It's clear that the Z390 Aorus Master is targeted towards the enthusiast looking to make use of one of higher end 9th generation Intel processors such as the new eight-core processors which include the Core i9-9700K and Core i9-9900K which are due to launch a couple of weeks after the initial Z390 motherboard launch. The board has some overclocking credence to it with its advertised 14-phase power delivery and users looking to utilize the integrated Wave 2 capable 802.11ac and Bluetooth 5 connectivity, the Z390 Aorus Master is one for the shortlist. GIGABYTE has set an MSRP of $290 at launch which makes the Z390 Aorus Master the most expensive option in its current Z390 stack.

ASUS WS Z390 Pro GIGABYTE Z390 Aorus Elite


View All Comments

  • jjnam - Thursday, April 18, 2019 - link

    6 months later and I'm here for EXACTLY this reason. I've gone through probably 50 manuals over the past few days squinting to find this information. What a pain. Reply
  • Synomenon - Thursday, October 18, 2018 - link

    So on the ASRock Z390 Phantom Gaming-ITX/ac, is the TB3 port on the rear using up lanes from CPU (making the only 16x slot, 8x only)?

    If it's not using lanes from the CPU, how will using that TB3 port (say with a USB3.1 Gen2 hub OR TB3 hub) affect all the other ports / IO on the board?
  • repoman27 - Thursday, October 18, 2018 - link

    Going off of what TweakTown published, it's a single-port Intel JHL6240 "Alpine Ridge" controller with a PCI 3.0 x2 connection to the PCH. So it won't affect the PEG lanes from the CPU. I'm amazed it's not Titan Ridge at this point though. Reply
  • di4b0liko - Tuesday, November 20, 2018 - link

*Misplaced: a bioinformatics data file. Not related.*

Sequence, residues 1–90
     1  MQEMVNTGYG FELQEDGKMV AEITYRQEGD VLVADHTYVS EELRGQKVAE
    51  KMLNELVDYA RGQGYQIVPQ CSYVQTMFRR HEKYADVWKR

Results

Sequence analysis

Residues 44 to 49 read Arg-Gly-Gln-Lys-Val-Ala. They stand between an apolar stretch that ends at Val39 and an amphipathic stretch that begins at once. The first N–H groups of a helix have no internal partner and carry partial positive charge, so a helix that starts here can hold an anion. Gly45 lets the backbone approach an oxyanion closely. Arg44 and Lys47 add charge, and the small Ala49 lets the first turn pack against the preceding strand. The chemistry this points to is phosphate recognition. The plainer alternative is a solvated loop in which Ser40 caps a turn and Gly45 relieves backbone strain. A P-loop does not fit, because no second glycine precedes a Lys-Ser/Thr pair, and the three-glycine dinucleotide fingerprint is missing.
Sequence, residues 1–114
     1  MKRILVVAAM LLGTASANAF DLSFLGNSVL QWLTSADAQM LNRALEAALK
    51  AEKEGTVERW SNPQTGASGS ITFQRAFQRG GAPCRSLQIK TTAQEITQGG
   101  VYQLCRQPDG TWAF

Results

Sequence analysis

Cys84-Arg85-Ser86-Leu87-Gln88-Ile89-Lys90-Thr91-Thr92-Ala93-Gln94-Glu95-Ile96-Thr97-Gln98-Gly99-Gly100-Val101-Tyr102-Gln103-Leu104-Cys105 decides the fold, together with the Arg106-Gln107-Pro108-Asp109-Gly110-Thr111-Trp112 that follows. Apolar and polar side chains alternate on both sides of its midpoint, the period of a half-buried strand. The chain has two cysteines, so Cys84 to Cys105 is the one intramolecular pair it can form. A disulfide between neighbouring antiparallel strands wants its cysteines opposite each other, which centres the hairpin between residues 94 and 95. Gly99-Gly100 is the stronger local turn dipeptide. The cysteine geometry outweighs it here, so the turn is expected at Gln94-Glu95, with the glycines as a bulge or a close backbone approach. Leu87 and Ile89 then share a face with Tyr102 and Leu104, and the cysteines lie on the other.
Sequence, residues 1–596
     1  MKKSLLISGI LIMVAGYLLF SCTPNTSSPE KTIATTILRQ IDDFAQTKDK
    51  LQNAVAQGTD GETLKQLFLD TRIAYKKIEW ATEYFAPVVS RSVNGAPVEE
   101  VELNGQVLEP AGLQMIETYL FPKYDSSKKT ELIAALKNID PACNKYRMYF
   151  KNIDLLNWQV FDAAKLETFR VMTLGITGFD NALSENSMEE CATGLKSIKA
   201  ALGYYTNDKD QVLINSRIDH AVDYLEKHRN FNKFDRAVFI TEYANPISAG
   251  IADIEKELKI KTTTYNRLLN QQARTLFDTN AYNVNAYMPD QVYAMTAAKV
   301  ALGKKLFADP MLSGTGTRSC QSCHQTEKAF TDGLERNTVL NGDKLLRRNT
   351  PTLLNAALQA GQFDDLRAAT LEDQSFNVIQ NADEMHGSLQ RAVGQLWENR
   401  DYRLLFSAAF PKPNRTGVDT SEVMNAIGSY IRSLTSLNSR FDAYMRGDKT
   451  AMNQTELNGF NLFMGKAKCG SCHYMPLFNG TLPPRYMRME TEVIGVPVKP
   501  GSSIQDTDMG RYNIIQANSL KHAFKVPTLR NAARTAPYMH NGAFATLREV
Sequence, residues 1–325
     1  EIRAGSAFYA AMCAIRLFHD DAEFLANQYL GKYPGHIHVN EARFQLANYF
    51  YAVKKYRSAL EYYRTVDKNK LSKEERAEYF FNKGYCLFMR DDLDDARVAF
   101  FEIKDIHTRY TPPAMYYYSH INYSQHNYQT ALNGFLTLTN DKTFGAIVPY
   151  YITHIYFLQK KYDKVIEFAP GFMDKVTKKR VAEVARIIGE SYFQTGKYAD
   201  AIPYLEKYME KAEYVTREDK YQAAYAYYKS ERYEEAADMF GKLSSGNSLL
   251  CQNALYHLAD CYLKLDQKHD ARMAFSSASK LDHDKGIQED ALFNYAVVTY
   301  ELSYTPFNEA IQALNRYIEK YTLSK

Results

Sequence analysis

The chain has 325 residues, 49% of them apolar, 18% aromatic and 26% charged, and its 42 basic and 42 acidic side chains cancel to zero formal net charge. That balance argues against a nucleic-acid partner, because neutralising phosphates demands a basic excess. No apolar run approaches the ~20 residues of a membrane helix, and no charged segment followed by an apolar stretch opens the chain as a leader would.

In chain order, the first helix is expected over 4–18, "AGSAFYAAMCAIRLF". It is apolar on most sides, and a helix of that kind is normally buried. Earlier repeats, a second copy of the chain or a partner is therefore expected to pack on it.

Asus ROG STRIX Z390-F or asrock taichi ? Reply
  • pradeep.ramalingam - Friday, November 23, 2018 - link

    I was wondering whether "MSI MPG Z390M Gaming Edge AC" with processor "Intel i5-9600K" will it work with onboard graphics (Intel® UHD Graphics 630) without a GPU from nvidia/amd?
  • Tigrou - Tuesday, January 15, 2019 - link

    "Z390 Motherboard Audio" panel in conclusion is incorrect. For example the MSI Z-390 A PRO has ALC892 but it is not in the list. Reply
  • Faslane - Wednesday, February 27, 2019 - link

    Can you do a more in-depth overclocking guide for this board or is there one? if so may I please have a link to just a basic overclocking guide for this board? I have the board and loved it and I know I can go into the phantom gaming 4 app of course but I would rather do it at the BIOS level and save various profiles for testing but I'm a little new to some of the overclocking stuff but I do have a water cooled system with an 8th gen i5 9706 core so I know I can push it quite a bit :-) Reply
  • lb1966 - Thursday, April 11, 2019 - link

    Just bought an IBuyPower with this MB init.

    Anybody able to hook it up to a home theater receiver?

    7.1 sounds great on the headphones but I gotta take them off every once in while. Can I use the rear audio panel?
  • electricjedi - Thursday, January 9, 2020 - link

    re: Asrock z390 gaming 4
    I know this does have a thunderbolt 5 pin header on the board, is this for thunderbolt 3?
    Will the Asrock Thunderbolt 3 AIC R2.0 pci-e card work with this board?
    or would I be smarter to get the GIGABYTE GC-ALPINE RIDGE (Rev 2.0) Thunderbolt3 Certified PCI-E Expansion card (since I know the z390 is "alpine ridge").